Is My VA Disability Considered Income?

Is My VA Disability Considered Income?

VA disability benefits can provide a critical source of income for those who were injured or became ill due to their military service. But, many veterans pursuing VA disability benefits are concerned about how that income will impact other areas of their financial lives. For example, are veterans disability benefits taxable income? Will they disqualify the veteran from other types of benefits? 

Here’s what you need to know. 

VA Disability Benefits are Not Taxable Income

Federal tax treatment of VA disability benefits is simple: the Internal Revenue Service (IRS) does not consider veterans disability benefits taxable income. That includes not just monthly disability payments, but other veterans benefits such asfrom GI Bill programs and training allowances administered by the VA. Also tax-exempt are VA grants aimed at making homes and/or vehicles accessible to veterans with disabilities. 

VA disability benefits also aren’t considered earned income for purposes of qualifying for the federal Earned Income Tax Credit (EIC). However, a veteran who receives disability benefits and also has earned income may qualify for EIC. 

Some Other Types of Disability Benefits May Be Taxable

Some veterans with disabilities receive benefits from sources other than the VA. You should be aware that the information in this post relates specifically to benefits administered by the VA.. If you are receiving SSDI, your disability income may or may not be taxable depending on the total amount of income you and your spouse receive. Private disability insurance payments or employer-based disability pensions may also be taxable. 

Reporting VA Disability Income

Since VA disability income is non-taxable, it generally doesn’t have to be reported. If disability benefits are your only income, you likely won’t have to file an income tax return at all. If you have other taxable income, you will still have to file as usual. And, if your spouse has income, you may want to file jointly with them, which may lower the amount of income tax due.  But, you generally won’t need to report your veterans disability income and you’ll never pay income tax on it. The best course of action is to consult with an accountant or tax preparer to ensure you are following all of the IRS’s filing rules.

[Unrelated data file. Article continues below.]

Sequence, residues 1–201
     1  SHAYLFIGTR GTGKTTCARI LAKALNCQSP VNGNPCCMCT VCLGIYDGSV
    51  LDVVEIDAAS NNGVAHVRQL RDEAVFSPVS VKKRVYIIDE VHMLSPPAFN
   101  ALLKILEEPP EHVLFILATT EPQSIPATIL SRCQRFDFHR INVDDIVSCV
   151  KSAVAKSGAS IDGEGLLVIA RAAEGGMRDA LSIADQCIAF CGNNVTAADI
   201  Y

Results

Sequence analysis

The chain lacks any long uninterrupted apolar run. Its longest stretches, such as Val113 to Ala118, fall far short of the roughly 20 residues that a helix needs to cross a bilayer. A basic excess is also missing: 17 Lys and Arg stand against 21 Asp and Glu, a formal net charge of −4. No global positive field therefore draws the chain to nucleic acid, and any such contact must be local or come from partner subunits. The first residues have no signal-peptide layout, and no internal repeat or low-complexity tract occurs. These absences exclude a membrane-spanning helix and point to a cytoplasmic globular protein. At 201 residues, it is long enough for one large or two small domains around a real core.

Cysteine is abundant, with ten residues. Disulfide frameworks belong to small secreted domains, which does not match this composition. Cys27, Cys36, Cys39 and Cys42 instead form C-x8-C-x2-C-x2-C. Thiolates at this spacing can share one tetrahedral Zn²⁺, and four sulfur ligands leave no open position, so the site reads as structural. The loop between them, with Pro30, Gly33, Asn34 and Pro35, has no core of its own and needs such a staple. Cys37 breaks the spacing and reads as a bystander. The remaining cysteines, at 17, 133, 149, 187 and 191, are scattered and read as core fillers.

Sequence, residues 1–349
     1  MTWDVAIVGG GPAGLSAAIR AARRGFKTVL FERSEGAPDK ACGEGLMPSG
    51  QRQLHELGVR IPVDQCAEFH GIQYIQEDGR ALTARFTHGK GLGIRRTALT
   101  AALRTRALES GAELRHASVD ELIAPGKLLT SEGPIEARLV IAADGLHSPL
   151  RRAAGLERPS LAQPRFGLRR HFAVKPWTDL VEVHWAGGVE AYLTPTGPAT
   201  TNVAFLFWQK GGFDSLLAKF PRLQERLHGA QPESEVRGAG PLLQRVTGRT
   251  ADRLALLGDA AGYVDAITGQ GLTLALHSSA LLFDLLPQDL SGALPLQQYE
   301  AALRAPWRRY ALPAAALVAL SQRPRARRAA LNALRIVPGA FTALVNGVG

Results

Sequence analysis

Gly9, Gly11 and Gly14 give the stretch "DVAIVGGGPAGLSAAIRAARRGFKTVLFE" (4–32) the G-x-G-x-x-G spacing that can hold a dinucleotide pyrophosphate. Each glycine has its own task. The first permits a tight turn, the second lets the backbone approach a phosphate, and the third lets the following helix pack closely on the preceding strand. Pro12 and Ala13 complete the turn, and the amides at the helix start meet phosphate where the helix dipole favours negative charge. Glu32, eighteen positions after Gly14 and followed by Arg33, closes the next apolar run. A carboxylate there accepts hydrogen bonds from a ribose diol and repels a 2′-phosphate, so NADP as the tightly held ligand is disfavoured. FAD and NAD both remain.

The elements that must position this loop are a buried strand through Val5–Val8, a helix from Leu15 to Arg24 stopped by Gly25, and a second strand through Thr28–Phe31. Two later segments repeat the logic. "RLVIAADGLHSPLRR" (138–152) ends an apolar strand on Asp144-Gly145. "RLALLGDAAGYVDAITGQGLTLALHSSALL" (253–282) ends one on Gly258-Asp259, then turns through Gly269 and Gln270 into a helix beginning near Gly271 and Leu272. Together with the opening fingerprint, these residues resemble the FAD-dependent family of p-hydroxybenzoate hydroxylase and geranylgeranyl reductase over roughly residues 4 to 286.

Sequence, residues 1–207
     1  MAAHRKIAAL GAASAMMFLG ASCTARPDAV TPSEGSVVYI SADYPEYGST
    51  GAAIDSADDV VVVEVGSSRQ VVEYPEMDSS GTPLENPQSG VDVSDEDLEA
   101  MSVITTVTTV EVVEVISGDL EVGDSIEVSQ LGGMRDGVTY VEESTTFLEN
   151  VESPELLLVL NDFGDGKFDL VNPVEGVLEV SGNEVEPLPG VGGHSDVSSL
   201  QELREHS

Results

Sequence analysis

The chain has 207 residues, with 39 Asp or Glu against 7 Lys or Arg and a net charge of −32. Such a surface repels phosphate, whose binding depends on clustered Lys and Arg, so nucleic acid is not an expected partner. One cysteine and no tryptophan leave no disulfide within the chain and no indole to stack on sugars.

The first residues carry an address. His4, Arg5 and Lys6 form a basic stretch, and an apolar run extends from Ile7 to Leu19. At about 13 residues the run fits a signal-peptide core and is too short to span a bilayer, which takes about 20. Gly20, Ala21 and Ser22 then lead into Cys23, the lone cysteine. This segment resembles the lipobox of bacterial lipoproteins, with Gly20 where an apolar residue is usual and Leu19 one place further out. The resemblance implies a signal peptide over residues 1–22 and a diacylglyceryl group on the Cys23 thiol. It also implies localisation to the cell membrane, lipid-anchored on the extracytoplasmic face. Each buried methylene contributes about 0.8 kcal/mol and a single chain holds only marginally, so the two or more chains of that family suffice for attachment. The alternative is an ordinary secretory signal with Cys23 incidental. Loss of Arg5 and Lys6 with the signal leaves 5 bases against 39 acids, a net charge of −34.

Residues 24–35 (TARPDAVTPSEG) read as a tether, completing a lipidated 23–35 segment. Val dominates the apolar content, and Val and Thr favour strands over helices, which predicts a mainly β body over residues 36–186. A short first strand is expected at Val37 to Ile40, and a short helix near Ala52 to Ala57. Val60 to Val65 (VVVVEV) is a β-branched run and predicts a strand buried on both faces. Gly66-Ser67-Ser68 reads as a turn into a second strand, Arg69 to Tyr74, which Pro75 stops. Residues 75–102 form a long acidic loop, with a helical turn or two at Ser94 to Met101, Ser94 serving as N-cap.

VA Disability Benefits May Be Considered Income for Purposes of Other Benefits

Whether and when veterans disability benefits may be considered income for purposes of determining other benefits is a bit more complicated than taxability. For example, if a veteran with a disability is eligible for Social Security disability (SSDI), that eligibility is not affected by VA disability payments. Only earned income is considered when determining SSDI eligibility. On the other hand, Supplemental Security Income (SSI)–also administered by the SSA–is need-based. That means all income is considered and a veteran whose income exceeds the threshold will be denied, or the amount they are eligible to receive will be reduced,even if all of their income is from disability benefits. 

If you have questions about VA disability benefits or have been denied benefits, Veterans Help Group is here for you. Contact us or call (855) 855-8992 to learn more about how we can help.

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